Protesters smashed up shops and clashed with riot police in Mexico City on the second anniversary of Enrique Pena Nieto's presidency, amid rising tensions over the abduction and apparent massacre of 43 trainee teachers.

Brandishing bats and fire bombs, masked protesters attacked banks and restaurants along the capital's Reforma Avenue where thousands had gathered to demand an end to impunity and justice for the missing students.

mexico missing students Ayotzinapa ya me canse
Demonstrators burn a picture of Mexico's President Enrique Pena NietoReuters
mexico missing students Ayotzinapa ya me canse
A smashed bank window is seen during a protest demanding justice in the case of the 43 missing studentsAFP
mexico missing students Ayotzinapa ya me canse
A bank branch burns after protesters hurled a Molotov cocktail into itAFP
mexico missing students Ayotzinapa ya me canse
Hooded demonstrators attempt to smash the windows of a bank in a shopping centre along Reforma Avenue in Mexico CityAFP
mexico missing students Ayotzinapa ya me canse
A student holds a national flag during a protest in Mexico CityAFP
mexico missing students Ayotzinapa ya me canse
Demonstrators participate in a protest in support of the 43 missing trainee teachers in Mexico CityReuters
mexico missing students Ayotzinapa ya me canse
A demonstrator holds up his hand with the number 43 written on it, in reference to the missing 43 trainee teachersReuters
mexico missing students Ayotzinapa ya me canse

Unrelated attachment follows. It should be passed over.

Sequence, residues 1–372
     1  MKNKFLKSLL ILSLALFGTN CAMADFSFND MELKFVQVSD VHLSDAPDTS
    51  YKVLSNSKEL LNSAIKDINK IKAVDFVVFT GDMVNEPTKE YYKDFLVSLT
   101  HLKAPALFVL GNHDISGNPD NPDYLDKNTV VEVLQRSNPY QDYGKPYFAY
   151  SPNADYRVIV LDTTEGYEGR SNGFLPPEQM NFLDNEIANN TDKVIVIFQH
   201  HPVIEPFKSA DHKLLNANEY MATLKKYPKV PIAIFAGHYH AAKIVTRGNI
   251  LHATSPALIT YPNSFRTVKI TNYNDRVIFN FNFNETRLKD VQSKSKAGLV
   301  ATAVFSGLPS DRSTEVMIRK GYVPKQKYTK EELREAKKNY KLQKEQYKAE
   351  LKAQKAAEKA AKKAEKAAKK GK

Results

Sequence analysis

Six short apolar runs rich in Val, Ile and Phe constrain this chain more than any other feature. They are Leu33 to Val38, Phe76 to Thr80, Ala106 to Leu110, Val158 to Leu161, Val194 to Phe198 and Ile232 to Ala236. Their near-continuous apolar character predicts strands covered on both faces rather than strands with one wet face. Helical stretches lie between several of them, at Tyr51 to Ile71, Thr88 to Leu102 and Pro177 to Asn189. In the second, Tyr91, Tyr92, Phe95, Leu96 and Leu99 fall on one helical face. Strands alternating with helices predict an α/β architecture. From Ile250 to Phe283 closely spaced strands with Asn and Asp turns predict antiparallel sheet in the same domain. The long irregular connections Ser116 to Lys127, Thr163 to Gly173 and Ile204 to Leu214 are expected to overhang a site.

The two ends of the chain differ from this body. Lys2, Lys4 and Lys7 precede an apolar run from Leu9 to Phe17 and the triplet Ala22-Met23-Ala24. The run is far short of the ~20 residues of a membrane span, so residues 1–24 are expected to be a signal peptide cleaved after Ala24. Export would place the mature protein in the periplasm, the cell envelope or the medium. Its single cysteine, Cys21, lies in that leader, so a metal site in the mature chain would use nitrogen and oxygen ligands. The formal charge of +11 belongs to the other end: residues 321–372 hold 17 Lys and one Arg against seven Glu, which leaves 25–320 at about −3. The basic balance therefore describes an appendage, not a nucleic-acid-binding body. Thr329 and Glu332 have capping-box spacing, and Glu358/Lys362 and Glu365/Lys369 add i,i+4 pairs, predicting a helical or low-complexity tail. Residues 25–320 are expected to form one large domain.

Riot police clash with a group of demonstrators in Mexico CityAFP
mexico missing students Ayotzinapa ya me canse
Illustrations of the 43 missing trainee teachers are seen in Mexico CityAFP

Riot police were deployed to restore law and order, but authorities struggled to control the unruly crowd.

Similar protests were held in cities around Mexico, such as Acapulco and Chilpancingo.

mexico missing students Ayotzinapa ya me canse
People take part in a protest in Acapulco in Guerrero State – the same state where the students went missingAFP
mexico missing students Ayotzinapa ya me canse
A police vehicle burns after being set on fire by protesters outside the General Attorney's office in Chilpancingo, in the state of GuerreroReuters
mexico missing students Ayotzinapa ya me canse
Bishop Raul Vera releases a sky lantern in Saltillo after a mass in support of the 43 missing studentsReuters
mexico missing students Ayotzinapa ya me canse
A demonstrator pours fuel over a burning effigy of Mexico's President Enrique Pena Nieto during a protest in OaxacaReuters
mexico missing students Ayotzinapa ya me canse
Demonstrators in Monterrey hold a sign during a protest in support of the 43 missing trainee teachersReuters

The disappearance of the students has been the toughest challenge yet to face Pena Nieto. Earlier this month he vowed to introduce constitutional reforms to simplify Mexico's chaotic police structure and stop collusion between officials and drug gangs.

Pena Nieto took office two years ago vowing to restore order in Mexico, where about 100,000 people have died in violence linked to organised crime since 2007.

His two-year anniversary in office comes as his approval rating tumbles to just 39%, the lowest approval rating of a president recorded since 1996 when then President Ernesto Zedillo was struggling to contain a financial and economic crisis.

Feeding unpopularity is a scandal over a $3.75bn high-speed train contract. The government abruptly revoked the single-bid deal shortly before disclosures that the first lady was acquiring a luxury home owned by a company in the bidding consortium.